Gregor sees Darwin as a brilliant but misunderstood child who grows up to become an extremely misunderstood man. As a child, Darwin’s demanding father and the extraordinarily strict English boarding school system served to deny Darwin his own interests and pursuits. Gregor attempts to show the world that it was almost deprived of one of its leading scientific minds because of the rigors of Victorian England. By doing so, Gregor also tells his young readers that it is fine to follow one’s heart and to be wary of the conventions of society. Teenage readers can identify strongly with a student who struggled throughout his academic career, dropped out of medical school, and still made something of himself.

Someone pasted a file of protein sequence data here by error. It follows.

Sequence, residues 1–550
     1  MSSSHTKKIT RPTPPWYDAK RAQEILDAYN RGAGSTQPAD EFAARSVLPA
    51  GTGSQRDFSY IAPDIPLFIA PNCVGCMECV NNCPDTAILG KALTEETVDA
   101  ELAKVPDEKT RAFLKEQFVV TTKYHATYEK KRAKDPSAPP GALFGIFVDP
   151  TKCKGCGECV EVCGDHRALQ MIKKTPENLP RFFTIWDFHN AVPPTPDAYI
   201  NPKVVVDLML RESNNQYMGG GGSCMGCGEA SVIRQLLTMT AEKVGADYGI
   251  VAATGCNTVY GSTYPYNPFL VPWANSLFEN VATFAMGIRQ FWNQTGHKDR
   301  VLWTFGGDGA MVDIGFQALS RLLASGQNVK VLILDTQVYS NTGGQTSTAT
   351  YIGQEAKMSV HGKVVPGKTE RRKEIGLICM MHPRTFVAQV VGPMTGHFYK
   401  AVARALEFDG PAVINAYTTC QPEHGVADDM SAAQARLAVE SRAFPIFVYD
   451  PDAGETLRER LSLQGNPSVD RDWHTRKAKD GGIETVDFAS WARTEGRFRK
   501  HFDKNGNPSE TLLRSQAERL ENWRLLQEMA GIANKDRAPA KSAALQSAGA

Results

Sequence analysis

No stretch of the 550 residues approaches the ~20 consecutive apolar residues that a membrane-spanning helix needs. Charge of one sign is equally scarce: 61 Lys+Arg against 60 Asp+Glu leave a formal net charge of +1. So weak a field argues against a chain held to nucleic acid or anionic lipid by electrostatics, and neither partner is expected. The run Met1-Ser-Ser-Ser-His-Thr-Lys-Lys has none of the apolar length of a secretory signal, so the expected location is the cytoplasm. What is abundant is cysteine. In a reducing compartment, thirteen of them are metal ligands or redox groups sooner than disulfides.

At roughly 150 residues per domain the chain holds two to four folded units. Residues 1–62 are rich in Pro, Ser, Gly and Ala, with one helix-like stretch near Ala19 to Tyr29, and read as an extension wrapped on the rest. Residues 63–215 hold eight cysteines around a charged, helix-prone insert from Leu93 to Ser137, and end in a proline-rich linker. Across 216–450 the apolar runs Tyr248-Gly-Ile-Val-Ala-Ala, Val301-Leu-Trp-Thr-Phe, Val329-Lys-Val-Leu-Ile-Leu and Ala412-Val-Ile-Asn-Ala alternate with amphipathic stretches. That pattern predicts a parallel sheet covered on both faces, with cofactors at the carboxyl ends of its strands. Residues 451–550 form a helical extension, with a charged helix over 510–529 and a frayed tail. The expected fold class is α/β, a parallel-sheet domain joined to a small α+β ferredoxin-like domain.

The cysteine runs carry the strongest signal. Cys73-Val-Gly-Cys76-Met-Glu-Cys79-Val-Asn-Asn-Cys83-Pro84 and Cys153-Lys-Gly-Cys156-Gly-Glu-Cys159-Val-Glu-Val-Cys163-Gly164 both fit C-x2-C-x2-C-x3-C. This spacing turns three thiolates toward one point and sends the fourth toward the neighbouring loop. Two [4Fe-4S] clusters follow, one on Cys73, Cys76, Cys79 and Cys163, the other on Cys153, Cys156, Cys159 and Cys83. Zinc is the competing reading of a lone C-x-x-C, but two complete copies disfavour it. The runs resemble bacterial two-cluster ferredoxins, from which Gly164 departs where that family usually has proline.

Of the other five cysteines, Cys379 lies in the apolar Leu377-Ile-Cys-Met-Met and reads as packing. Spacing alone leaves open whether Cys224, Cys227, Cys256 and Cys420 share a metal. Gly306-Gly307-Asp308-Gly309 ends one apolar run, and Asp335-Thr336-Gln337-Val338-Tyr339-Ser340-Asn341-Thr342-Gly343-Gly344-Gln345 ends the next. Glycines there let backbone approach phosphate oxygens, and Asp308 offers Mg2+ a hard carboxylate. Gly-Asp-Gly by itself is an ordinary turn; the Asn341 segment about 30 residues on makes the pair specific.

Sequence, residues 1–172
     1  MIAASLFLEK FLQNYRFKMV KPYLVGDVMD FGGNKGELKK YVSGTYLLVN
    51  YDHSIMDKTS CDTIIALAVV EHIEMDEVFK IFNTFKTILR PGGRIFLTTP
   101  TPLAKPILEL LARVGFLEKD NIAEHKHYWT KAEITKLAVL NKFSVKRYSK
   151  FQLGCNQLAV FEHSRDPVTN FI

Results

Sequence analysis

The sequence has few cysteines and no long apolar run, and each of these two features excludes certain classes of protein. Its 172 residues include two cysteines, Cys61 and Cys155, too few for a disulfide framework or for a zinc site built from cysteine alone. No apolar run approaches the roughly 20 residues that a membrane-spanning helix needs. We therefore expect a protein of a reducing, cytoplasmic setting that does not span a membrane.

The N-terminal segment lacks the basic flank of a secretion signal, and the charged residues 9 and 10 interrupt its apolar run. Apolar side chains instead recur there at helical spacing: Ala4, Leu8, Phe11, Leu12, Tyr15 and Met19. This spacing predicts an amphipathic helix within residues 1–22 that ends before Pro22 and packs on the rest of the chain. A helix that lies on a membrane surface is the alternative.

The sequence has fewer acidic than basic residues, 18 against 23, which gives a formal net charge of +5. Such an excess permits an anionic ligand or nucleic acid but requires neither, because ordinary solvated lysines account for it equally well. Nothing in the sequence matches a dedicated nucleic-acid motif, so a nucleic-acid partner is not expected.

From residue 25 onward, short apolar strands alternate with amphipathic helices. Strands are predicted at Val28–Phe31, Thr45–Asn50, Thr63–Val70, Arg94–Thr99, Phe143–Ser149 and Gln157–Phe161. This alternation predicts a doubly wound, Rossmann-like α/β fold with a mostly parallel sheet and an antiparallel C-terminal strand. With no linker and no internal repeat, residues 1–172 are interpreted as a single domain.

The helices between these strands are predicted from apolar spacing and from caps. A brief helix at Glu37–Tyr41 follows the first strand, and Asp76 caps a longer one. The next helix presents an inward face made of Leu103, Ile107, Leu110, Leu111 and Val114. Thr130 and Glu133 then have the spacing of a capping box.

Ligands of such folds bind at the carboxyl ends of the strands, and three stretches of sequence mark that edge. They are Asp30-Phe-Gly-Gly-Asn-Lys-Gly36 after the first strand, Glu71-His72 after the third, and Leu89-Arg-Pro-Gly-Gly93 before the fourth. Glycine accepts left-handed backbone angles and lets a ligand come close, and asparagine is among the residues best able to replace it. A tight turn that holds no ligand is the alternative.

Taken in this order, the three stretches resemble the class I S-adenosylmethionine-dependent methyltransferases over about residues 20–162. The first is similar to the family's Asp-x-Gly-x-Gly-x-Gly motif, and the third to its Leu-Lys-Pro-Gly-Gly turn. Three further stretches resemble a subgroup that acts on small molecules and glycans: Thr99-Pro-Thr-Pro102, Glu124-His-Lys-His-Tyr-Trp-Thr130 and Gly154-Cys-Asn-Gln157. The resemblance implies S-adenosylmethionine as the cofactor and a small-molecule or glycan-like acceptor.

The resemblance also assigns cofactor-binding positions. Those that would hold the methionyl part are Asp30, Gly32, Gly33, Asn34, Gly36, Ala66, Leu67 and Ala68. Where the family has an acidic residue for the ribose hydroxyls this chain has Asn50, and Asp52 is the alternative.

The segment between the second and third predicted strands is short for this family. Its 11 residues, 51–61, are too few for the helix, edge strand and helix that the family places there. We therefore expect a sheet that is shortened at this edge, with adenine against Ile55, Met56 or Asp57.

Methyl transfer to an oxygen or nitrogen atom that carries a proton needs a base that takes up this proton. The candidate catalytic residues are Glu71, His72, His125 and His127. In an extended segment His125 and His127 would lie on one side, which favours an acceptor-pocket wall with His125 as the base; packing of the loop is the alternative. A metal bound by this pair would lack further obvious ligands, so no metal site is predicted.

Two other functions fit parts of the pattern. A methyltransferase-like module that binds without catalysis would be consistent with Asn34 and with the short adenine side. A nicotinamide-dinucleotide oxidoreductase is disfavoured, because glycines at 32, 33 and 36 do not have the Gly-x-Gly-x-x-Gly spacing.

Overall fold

Gregor seems to admire and respect Darwin, his scientific discoveries, and his brilliant mind, but the author shows Darwin’s struggles along with his successes. Darwin spent many years agonizing over the fact that the theory of evolution by natural selection would challenge the accepted thinking of the day. Darwin also wanted to make his theories more than theories: He wanted to be able to offer hard evidence as proof. Gregor’s approach to the scientific side of the book—an explanation of Darwin’s theory and how he came to his conclusion that living creatures evolved—is practical and understandable for the young reader. Using a narrative style, Gregor takes a complex, potentially dull subject and creates a readable story.
(The entire section is 509 words.)